On a more objective level, he keeps referring to context. He establishes that the letter is written to the elect. OK. He goes on to say that the “us” in the verse is the elect. Well, lets look at the context. People were scoffing about the promise of Christ’s return. They were saying “Well, look, everything is just going on as it always has – Jesus is not going to return and there is not going to be any judgment or kingdom, you silly Christians.” So Peter tells the Christians not to let this upset them. He says that time is nothing to God and that He will one day put an end to the godlessness of the world. Meanwhile, He is letting time pass for US ... so that more people will “come to repentance” and will not perish. US can only be a group which includes some unsaved people, some people who are in danger of perishing. To imagine that this verse is saying that God is longsuffering only towards the “friends” (Christians) and wants them to come to repentance so they won’t perish doesn’t make much orthodox sense at all. Are saved individuals in danger of perishing in the manner that is being spoken of here by Peter?

But the heavens and the earth which are now preserved by the same word, are reserved for fire until the day of judgment and perdition of ungodly men. (2 Peter 3:7)
Now, I have so much more to say, but this post is getting long! I have to leave it off there for now. I hope I will have a part two to this later … or maybe tomorrow.

Thursday, April 19, 2007

Sermon Spotting

(I found this an interesting bit from Spurgeon.)


"Salvation by Knowing the Truth"

An excerpt from a sermon by Charles H. Spurgeon on 1 Timothy 2:3,4, "God our Saviour; who will have all men to be saved, and to come unto the knowledge of the truth."

[Taken from THE METROPOLITAN TABERNACLE PULPIT, vol. 26, 1880, pp. 49-50]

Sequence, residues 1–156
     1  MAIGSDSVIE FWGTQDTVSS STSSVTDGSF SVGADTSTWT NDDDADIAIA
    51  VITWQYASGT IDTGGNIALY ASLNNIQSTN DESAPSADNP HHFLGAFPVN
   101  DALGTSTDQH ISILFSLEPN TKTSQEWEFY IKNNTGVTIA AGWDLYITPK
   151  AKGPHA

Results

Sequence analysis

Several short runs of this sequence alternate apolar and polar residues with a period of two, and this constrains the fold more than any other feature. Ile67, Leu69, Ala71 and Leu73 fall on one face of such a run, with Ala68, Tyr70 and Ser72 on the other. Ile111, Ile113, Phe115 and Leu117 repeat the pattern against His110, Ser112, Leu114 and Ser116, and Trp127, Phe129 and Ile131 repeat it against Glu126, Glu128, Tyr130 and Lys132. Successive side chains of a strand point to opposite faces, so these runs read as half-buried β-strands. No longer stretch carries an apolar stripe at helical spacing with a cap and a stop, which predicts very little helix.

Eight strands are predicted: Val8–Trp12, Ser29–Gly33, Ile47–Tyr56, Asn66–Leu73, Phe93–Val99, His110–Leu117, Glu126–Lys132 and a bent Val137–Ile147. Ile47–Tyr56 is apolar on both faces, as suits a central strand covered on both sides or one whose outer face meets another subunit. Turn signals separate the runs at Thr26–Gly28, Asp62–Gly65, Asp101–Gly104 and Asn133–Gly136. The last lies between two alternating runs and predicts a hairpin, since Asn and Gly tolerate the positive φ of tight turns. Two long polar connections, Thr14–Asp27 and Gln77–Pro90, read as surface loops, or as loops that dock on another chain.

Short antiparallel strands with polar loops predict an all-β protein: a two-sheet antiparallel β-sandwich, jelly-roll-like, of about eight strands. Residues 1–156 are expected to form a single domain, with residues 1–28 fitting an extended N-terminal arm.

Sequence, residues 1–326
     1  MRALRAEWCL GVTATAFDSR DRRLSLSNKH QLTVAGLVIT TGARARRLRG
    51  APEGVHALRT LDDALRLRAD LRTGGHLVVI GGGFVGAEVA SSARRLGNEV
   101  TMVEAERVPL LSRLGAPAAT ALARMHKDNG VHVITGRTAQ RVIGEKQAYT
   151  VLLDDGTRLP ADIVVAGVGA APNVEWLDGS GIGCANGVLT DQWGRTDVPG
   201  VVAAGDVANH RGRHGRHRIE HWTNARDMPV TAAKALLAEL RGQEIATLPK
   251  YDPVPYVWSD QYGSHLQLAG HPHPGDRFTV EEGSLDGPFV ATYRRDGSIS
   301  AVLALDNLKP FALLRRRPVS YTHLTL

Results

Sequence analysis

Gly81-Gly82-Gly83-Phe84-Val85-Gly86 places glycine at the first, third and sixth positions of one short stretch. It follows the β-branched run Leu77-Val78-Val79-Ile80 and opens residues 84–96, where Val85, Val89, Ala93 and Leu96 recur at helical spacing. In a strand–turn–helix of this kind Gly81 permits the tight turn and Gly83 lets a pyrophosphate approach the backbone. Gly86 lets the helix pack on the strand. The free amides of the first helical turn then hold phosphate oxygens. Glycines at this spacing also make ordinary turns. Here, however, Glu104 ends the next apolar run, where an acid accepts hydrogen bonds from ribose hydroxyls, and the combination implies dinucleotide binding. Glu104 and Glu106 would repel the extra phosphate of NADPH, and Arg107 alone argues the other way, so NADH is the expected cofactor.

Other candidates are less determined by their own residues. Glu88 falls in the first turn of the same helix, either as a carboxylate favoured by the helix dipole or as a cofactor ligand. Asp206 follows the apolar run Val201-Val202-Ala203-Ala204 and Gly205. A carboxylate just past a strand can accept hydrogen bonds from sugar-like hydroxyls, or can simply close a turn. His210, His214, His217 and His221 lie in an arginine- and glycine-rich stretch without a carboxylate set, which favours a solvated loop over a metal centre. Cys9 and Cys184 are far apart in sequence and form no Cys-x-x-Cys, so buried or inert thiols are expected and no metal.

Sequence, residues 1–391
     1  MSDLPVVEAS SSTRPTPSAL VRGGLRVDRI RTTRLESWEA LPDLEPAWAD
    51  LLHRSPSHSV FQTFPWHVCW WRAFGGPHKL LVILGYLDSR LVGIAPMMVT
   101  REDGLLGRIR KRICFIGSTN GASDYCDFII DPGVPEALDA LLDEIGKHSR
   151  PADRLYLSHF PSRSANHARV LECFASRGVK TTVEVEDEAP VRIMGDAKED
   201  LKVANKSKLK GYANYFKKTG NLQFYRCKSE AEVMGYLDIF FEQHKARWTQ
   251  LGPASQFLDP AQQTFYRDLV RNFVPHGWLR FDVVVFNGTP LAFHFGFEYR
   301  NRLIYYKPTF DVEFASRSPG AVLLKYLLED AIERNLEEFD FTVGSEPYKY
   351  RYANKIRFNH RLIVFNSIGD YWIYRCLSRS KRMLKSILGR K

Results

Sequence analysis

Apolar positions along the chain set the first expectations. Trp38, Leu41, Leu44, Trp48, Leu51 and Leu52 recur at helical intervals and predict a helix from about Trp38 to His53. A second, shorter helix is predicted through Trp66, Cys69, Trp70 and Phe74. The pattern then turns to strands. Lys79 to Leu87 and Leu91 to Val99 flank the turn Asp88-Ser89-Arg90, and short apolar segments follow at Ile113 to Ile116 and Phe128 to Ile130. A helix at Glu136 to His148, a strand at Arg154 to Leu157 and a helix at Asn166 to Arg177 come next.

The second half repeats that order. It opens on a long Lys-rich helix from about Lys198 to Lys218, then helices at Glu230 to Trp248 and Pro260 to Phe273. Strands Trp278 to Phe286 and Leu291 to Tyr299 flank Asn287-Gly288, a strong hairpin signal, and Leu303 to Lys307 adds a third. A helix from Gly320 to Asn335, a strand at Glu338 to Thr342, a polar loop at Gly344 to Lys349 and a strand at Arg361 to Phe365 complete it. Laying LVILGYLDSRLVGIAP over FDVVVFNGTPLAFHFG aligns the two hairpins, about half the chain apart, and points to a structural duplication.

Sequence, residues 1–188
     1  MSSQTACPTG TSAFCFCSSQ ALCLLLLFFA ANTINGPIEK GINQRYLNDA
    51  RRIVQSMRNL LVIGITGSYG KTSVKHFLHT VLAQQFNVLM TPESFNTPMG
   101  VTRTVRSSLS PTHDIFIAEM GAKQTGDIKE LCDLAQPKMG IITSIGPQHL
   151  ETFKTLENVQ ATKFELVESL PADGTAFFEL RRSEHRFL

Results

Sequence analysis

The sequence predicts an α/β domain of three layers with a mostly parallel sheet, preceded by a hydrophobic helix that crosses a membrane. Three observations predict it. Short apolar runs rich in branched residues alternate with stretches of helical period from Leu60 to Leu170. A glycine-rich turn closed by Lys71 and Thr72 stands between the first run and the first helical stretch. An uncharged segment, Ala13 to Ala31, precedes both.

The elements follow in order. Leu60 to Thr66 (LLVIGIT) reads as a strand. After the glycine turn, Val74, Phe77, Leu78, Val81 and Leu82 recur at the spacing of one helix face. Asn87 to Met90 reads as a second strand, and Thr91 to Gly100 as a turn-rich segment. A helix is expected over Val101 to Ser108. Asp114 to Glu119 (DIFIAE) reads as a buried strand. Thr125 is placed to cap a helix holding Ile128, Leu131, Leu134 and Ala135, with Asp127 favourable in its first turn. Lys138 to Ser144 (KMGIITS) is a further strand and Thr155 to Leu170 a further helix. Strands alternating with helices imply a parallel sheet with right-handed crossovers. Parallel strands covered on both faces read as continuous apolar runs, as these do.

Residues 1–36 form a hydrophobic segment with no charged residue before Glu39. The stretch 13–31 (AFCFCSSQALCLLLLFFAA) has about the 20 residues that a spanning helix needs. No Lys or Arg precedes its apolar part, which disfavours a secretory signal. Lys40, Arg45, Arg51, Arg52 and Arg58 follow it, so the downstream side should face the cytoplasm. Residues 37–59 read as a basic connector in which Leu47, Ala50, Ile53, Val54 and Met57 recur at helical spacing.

"May God the Holy Ghost guide our meditations to the best practical result this evening, that sinners may be saved and saints stirred up to diligence.

I do not intend to treat my text controversially. It is like the stone which makes the corner of a building, and it looks toward a different side of the gospel from that which is mostly before us. Two sides of the building of truth meet here. In many a village there is a corner where the idle and the quarrelsome gather together; and theology has such corners. It would be very easy indeed to set ourselves in battle array, and during the next half-hour to carry on a fierce attack against those who differ from us in opinion upon points which could be raised from this text. I do not see that any good would come of it, and, as we have very little time to spare, and life is short, we had better spend it upon something that may better tend to our edification. May the good Spirit preserve us from a contentious spirit, and help us really profit by his word.

It is quite certain that when we read that God will have all men to be saved it does not mean that he wills its with the force of a decree or a divine purpose, for, if he did, then all men would be saved. He willed to make the world, and the world was made: he does not so will the salvation of all men, for we know that all men will not be saved. Terrible as the truth is, yet is it certain from holy writ that there are men who, in consequence of their sin and their rejection of the Saviour, will go away into everlasting punishment, where there shall be weeping and wailing and gnashing of teeth. There will at the last be goats upon the left hand as well as sheep on the right, tares to be burned as well as wheat to be garnered, chaff to be blown away as well as corn to be preserved. There will be a dreadful hell as well as a glorious heaven, and there is no decree to the contrary.

What then? Shall we try to put another meaning into the text than that which it fairly bears? I trow not. You must, most of you, be acquainted with the general method in which our older Calvinistic friends deal with this text. "All men," say they--"that is, SOME MEN": as if the Holy Ghost could not have said "some men" if he had meant that. "All men, " say they, "that is, some of all sorts of men": as if the Lord could not have said "all sorts of men" if he had meant that. The Holy Ghost by the apostle has written "all men," and unquestionably he means all men.